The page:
It Changed My Life: Writings on the Women's Movement

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Harvard University Press, 1976 - Social Science - 504 pages
2 Reviews

"It Changed My Life." That's what Betty Friedan heard over and over from women throughout the United States, after the publication of her radical best-seller, The Feminine Mystique, sparked the beginning of contemporary feminism. The first stirring and uncertain years of the women's movement helped many women put a name to the sense of invisibility, powerlessness, and depression that Friedan famously called "the problem that has no name."

First published in 1976, "It Changed My Life" is a compellingly readable collection of reports from the front, back in the days less than a generation ago when women were routinely shut out of the professions and higher education, underpaid, condescended to, and harassed without consequences to the harassers. The book describes the political campaigns for equal pay and job opportunities, for the outlawing of sex discrimination, for the Equal Rights Amendment, and for legalized abortion, the creation of National Organization for Women, the National Abortion Rights Action League, and the National Women's Political Caucus, and analyzes the antifeminist backlashes. Encounters with Simone de Beauvoir and Indira Gandhi are juxtaposed with moving and vivid personal struggles of many ordinary women. Among those women was Friedan herself, who frankly recorded her astonishment, gratification, and anger as the movement she helped create grew beyond all her hopes, and then raced beyond her control into a sexual politics she found disturbing.

A classic of modern feminism, "It Changed My Life" brings back years of struggle for those who were there, and recreates the past for the readers of today who were not yet born during these struggles for the opportunities and respect to which women can now feel entitled. In changing women's lives, the women's movement has changed everything.

  

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Review: It Changed My Life: Writings on the Women's Movement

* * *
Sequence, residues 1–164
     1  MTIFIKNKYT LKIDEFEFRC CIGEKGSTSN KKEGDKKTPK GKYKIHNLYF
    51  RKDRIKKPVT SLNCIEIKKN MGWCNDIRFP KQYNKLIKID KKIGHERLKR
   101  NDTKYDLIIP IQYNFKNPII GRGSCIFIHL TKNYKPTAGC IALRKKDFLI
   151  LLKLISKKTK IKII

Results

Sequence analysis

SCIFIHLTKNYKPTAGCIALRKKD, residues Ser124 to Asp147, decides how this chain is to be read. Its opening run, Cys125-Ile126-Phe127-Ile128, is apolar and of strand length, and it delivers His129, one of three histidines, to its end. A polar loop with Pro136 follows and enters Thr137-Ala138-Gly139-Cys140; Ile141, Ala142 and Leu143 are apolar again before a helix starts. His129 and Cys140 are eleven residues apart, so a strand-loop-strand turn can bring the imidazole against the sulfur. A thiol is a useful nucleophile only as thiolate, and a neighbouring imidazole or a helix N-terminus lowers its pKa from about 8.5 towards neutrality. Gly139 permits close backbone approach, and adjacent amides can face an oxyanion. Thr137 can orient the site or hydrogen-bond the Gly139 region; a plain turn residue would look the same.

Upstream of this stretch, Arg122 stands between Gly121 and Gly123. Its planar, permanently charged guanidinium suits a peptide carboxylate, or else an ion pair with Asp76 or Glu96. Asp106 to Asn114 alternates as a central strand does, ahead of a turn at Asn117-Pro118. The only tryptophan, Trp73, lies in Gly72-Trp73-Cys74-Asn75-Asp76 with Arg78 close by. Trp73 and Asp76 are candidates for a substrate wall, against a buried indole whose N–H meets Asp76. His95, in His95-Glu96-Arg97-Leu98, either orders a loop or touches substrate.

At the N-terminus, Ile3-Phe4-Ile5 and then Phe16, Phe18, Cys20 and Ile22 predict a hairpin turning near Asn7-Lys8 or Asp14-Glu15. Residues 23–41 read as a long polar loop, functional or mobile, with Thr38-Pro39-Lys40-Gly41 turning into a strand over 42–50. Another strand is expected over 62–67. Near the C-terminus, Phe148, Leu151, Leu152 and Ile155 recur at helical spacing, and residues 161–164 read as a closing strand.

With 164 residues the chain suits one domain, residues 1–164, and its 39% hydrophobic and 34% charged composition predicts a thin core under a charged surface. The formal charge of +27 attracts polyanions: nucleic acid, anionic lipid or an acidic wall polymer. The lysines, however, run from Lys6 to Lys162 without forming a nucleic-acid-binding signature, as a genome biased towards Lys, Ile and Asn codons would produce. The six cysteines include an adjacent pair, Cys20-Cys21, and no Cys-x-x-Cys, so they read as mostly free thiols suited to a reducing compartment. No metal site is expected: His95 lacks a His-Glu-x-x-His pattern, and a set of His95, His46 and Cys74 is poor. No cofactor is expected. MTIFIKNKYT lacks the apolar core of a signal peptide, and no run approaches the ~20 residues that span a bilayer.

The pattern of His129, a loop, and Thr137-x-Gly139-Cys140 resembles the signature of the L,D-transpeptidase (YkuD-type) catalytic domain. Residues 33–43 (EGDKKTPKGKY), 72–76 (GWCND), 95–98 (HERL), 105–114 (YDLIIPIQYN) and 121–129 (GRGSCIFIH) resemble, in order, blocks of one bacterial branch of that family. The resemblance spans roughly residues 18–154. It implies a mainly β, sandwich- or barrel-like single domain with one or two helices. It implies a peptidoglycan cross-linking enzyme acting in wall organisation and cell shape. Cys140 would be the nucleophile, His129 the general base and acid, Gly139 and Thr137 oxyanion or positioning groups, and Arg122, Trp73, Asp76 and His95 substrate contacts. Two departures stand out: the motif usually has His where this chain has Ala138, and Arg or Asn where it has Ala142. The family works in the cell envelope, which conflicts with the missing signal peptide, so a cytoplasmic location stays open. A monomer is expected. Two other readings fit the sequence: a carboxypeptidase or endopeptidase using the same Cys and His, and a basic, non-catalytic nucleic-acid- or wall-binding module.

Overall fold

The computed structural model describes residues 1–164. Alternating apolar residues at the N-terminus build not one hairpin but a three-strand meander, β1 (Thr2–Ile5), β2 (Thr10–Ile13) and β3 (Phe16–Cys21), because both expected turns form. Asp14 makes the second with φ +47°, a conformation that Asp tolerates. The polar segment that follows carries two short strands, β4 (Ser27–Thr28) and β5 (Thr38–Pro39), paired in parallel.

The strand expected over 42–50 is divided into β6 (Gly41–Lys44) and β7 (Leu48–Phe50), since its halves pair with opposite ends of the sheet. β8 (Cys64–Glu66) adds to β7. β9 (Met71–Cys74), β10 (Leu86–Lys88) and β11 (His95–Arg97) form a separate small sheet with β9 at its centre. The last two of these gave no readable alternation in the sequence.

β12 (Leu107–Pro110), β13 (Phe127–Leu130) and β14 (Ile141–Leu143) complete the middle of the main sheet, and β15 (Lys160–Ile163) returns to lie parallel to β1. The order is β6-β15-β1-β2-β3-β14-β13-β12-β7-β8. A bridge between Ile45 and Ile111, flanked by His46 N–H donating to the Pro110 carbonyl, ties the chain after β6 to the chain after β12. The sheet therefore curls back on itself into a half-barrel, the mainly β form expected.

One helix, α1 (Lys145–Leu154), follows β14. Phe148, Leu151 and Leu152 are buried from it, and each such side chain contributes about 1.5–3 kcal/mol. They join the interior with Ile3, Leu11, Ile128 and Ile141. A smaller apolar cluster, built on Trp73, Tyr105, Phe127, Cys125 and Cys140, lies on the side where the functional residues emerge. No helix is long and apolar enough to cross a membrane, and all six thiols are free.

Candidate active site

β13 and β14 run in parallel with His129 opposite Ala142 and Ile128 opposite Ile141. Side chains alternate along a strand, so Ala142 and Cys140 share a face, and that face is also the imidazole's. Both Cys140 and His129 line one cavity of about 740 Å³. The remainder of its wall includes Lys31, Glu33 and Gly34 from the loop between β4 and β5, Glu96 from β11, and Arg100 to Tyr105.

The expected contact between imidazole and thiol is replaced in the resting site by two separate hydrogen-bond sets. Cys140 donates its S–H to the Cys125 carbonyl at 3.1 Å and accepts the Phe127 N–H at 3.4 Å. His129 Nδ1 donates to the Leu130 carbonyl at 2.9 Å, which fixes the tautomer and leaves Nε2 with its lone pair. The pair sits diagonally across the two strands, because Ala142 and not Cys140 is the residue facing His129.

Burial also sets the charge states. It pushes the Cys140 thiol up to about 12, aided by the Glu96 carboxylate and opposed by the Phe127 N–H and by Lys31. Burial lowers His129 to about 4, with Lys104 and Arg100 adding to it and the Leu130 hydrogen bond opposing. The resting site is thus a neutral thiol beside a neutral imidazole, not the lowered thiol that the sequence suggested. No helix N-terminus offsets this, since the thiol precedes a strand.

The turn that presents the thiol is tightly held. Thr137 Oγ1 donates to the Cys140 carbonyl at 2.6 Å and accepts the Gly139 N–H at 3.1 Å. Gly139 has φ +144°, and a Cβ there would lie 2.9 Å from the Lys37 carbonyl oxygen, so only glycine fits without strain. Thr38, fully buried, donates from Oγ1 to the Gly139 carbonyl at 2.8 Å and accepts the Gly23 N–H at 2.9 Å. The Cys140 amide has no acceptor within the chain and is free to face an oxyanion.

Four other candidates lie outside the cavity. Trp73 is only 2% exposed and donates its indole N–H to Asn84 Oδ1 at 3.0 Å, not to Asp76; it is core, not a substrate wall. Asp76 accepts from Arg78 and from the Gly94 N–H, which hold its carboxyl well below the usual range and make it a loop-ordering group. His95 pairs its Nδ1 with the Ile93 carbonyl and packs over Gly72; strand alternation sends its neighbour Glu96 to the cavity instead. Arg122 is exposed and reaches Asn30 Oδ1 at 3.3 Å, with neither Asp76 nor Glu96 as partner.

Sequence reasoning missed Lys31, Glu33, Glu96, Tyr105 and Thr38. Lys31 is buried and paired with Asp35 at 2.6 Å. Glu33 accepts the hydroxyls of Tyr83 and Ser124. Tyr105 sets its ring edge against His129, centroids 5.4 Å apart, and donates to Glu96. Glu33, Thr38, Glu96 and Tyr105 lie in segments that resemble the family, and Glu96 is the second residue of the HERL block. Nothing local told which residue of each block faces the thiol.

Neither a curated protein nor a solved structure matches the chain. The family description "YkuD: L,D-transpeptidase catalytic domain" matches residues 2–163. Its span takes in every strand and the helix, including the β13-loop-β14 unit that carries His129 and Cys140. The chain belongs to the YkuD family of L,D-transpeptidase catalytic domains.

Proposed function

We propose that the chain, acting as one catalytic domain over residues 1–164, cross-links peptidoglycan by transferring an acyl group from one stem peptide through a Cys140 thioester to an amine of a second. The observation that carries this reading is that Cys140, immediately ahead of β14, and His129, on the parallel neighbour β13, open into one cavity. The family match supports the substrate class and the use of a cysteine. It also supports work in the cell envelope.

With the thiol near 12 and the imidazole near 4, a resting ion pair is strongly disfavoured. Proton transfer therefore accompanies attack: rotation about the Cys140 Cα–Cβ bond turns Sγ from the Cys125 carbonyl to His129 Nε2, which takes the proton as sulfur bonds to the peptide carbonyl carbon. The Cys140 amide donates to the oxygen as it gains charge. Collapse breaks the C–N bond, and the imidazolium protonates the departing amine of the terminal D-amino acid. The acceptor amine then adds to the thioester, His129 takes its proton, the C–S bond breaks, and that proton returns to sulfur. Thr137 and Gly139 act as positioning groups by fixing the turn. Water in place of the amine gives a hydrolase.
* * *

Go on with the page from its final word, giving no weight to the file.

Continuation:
User Review  - Fitfit Mayasari - Goodreads

very much inspiring. recommend it to every woman (and every man). Read full review

Review: It Changed My Life: Writings on the Women's Movement

User Review  - Diane - Goodreads

Anyone interested in the women's movement must take the time to read this book. An excellent insight into the women's movement. Read full review

Contents

The Way We Were1949 1974
6
Angry Letters Relieved Letters 1963
22
The Fourth Dimension 1964
37
Television and the Feminine Mystique 1964
59
The Crisis in Womens Identity 1964
77
NOW Statement of Purpose 1966
109
The Presidents Report
123
Excerpt from
141
The National Womens
214
BETTY FRIEDANS NOTEBOOK
233
TRANSCENDING POLARITIES
323
Madame Prime Minister 1966
339
A Visit with Pope Paul 1974
368
A Dialogue with Simone de Beauvoir 1975
391
The Crises of Divorce 1974
413
An Open Letter to True Men 1974
429

Tokenism and the PseudoRadical Copout 1969
145
A Womans Civil Right 1969
156
Judge Carswell and the Sex Plus Doctrine 1970
166
Call to Womens Strike for Equality 1970
192
Critique of Sexual Politics 1970
203
Scary Doings in Mexico City 1975
440
AN OPEN LETTER TO
469
AFTERWORDS
497
Copyright

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About the author (1976)

Betty Friedan was born Betty Naomi Goldstein on February 4, 1921 in Peoria, Illinois. The future feminist leader experienced anti-semitism growing up; this undoubtedly contributed to her political activism later in life. Graduating from Smith College in Massachusetts with a degree in psychology, she began her career as a reporter in New York City, and a few years later married Carl Friedan. The beginning of the women's movement in the United States can be traced to the publication of Friedan's first book, The Feminist Mystique, in 1963; it was instantly successful. Friedan wrote a follow-up to this book almost 20 years later, The Second Stage, in which she outlined issues that still needed addressing by feminists. She has also written a semi-autobiographical work, It Changed My Life, and a book about aging and society called The Fountain of Age. Friedan was a co-founder and the first president of the National Organization for Women. She has taught at New York University and the University of Southern California.

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